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The Oncologist, the Patient and CKN — Sharing Knowledge

Surviving Childhood Cancer: A 20 year reflection Part 3

TedSibley3by Ted Sibley, MD
Truman Medical Centers Emergency Services
UMKC Clinical Assistant Professor Emergency Medicine Department
UMKC Adjunct Clinical Assistant Professor Master of Medical Science Physician Assistant Program

Read Part One

Read Part Two

Part Three

The next couple of months were some of the most difficult in our relationship. First were long nights on call delivering babies in the Labor and Delivery Unit, followed by a six-week rotation in pediatrics at Children’s Hospital — the same hospital where I had been a patient and had worked in the pharmacy and as a nursing assistant. Now, I was a medical student doing 30-hour on-call shifts. Still angry and wounded by the fertility diagnosis, the vigor and laughter that I used to share with the oncology families had vanished. I put on a happy face and tried to give them hope like I once had, but on the inside I was hurting.

The disease I had beaten and put behind me was now staring me in the face again. Only, this time, it was different. I wasn’t dealing with tumors or chemotherapy. This time, cancer took a different approach. It found a different aspect of my life to take from me. And this time, I couldn’t fight infertility with surgery and chemotherapy. My wife and I had to look inside ourselves, at our relationship, and to our strength in God. We had to accept our situation for what it was and determine if we were going to let infertility bring us down or make us stronger.

During my pediatrics rotation, we finally broke. We had attempted a couple of months of fertility treatments, with no success. The emotional price for my wife during that summer and fall had become too high. We also had exhausted our finances trying to become pregnant. At dinner one night, she decided that she had had enough. Previously, we had been involved in international medical teams and traveled throughout Central and South America.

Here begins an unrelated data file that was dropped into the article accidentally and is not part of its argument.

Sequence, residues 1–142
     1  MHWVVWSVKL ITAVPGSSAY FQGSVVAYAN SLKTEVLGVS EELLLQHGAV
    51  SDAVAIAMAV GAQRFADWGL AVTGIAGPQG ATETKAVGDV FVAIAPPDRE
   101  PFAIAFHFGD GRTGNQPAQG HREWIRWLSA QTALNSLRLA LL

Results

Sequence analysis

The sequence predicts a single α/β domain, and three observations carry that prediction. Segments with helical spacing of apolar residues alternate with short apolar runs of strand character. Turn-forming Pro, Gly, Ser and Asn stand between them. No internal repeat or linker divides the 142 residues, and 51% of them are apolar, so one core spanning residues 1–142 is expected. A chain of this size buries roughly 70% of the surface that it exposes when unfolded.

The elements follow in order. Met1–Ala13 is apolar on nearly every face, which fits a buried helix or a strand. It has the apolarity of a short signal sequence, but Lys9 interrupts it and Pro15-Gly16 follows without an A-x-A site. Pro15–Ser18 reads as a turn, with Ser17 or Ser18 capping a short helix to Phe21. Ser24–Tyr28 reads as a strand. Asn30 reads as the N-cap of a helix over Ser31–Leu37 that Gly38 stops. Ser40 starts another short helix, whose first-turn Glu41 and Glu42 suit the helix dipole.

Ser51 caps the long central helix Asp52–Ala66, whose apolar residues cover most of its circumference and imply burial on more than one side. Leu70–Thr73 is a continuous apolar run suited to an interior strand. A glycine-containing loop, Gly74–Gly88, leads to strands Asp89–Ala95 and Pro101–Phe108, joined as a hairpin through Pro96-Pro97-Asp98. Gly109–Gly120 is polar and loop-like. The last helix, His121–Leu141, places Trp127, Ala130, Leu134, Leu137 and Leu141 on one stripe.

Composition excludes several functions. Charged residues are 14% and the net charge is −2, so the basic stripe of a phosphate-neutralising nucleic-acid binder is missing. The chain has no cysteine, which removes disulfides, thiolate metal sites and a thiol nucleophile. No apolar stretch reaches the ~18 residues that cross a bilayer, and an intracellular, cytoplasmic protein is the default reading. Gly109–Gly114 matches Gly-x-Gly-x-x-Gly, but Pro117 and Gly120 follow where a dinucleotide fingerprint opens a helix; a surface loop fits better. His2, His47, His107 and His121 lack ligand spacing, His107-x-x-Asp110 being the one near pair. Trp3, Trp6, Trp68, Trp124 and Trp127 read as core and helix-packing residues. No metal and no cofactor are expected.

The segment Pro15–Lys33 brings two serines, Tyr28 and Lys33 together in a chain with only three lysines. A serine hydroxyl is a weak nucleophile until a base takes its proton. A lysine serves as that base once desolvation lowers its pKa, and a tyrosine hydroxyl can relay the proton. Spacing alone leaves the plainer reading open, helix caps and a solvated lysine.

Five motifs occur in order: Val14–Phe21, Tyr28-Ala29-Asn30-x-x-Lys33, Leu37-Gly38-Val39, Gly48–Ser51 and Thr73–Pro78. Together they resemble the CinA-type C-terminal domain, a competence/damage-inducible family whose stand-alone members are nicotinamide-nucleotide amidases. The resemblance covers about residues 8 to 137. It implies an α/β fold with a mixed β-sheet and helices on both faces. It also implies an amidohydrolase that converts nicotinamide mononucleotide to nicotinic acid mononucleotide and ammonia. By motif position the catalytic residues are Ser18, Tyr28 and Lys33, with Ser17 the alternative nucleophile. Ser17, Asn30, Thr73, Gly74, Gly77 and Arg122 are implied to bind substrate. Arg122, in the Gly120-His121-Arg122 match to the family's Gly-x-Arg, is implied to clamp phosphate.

“What are we doing?” she asked. “We are throwing hundreds and thousands of dollars at trying to become pregnant! We’ve seen children without parents and now we desire to be parents and cannot have biological children! Why don’t we build our family through adoption like we talked about during our medical trips?”

And so it was decided. I attended a meeting about adoptions through Colombia. While we were too young to meet the requirements for a number of countries that adopted to the United States, we met all the requirements of Colombia’s adoption policy because of how long we had been married. We began paperwork, home studies, finger printing and psychological evaluations. We thought of ourselves as “paper pregnant” and celebrated each time we passed a part of the process. After months of meetings, paperwork, and social work visits, we finally had a set of completed paperwork to send to Colombia in application for a child. We considered this our unofficial “ultrasound,” confirming that we were to be parents eventually.